Police releases wanted poster vs 6 security guards tagged in sabungeros' disappearance

Jorge Cariño, ABS-CBN News

Posted at Feb 17 2023 05:13 PM

MANILA — The Philippine National Police released on Friday the wanted poster of 6 security guards tagged in the disappearance of several sabungeros at the Manila Arena. 
The poster indicated a bounty of P1 million for information on the whereabouts of each of the 6 men, who face a recently issued warrant of arrest for kidnapping and serious illegal detention.

"Kami ay umaasa na sa pamamagitan ng mga posters na ito at sa impormasyon na magmumula sa ating mga kababayan ay mapapabilis natin na matutunton ang kanilang pinagtataguan at agarang pagkahuli ng mga akusado," said PNP Criminal Investigation and Detection Group chief Brig. Gen. Romeo Caramat Jr. 

(We hope that through these posters and the information that will come from tipsters, we could speed up the search for their hiding place and the immediate arrest of the accused.)

The posters will be distributed nationwide, in all PNP units, places of convergence, social media, and the website of CIDG.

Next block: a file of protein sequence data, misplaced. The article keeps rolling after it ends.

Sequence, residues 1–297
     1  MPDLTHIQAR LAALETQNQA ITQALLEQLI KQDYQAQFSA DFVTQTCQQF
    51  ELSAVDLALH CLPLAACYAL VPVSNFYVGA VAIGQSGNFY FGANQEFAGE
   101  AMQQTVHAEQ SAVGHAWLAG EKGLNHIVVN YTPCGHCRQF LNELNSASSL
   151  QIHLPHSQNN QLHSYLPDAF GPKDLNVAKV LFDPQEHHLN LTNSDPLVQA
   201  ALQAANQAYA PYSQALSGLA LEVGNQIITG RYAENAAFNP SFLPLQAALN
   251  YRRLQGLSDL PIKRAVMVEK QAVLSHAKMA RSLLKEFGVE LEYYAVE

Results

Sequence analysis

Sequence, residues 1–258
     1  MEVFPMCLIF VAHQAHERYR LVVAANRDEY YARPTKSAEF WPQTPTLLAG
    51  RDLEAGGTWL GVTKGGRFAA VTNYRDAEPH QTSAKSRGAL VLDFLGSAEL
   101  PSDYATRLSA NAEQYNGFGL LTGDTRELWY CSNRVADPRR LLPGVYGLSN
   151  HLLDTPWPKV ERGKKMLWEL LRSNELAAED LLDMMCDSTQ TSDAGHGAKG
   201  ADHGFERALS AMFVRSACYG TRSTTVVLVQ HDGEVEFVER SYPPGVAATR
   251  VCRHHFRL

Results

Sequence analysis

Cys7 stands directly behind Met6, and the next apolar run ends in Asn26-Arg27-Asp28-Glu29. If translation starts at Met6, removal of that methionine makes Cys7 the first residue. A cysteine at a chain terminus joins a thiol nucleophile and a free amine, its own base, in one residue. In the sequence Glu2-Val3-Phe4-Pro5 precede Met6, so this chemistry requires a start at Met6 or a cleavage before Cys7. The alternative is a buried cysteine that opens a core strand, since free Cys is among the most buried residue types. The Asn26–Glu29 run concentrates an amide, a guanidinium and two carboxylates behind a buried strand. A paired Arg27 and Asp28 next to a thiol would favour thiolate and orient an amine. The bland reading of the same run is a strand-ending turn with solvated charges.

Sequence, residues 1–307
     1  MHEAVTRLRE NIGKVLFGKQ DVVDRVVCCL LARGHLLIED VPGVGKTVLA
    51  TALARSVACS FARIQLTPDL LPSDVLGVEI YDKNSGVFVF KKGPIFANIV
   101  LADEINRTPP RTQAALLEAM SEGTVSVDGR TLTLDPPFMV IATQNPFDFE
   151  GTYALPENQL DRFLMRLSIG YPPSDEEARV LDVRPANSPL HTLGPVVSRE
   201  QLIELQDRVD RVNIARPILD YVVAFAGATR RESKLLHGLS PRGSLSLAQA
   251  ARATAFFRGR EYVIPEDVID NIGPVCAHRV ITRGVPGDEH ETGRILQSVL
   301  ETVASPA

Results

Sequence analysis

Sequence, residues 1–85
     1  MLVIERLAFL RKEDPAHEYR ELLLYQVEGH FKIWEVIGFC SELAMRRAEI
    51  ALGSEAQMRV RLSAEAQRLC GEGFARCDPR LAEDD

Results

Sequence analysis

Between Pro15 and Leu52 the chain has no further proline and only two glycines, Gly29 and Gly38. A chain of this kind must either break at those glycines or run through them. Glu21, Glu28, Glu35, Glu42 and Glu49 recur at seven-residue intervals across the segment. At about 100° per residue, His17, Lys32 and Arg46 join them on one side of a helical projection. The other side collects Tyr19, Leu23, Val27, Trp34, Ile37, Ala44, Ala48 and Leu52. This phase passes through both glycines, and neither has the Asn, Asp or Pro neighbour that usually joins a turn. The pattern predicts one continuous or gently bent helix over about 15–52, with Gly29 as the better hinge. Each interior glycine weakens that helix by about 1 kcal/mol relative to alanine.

The Manila Arena case is one of the 8 cases being investigated by the CIDG. 

At least 34 people are still missing in suspected kidnappings linked to cockfighting around metro Manila.

A Senate investigation found the players were suspected of sabotaging their roosters so they would lose, while secretly betting on their opponents. 

Filipinos from all walks of life wager millions of dollars on matches every week between roosters who fight to the death with razor-sharp metal spurs tied to their legs.

The sport, banned in many other countries, survived coronavirus pandemic restrictions by going online, drawing many more bettors who use their mobile phones to place wagers.

The abductions shone a spotlight on the seedy underbelly of the online cockfighting industry, in which fights were held in empty arenas and livestreamed to millions of bettors.

Taxes from the fights helped to replenish government coffers depleted by the pandemic, but then-president Rodrigo Duterte banned the livestreaming shortly before he left office on June 30, while allowing traditional cockfighting to resume. 

— With a report from Agence France-Presse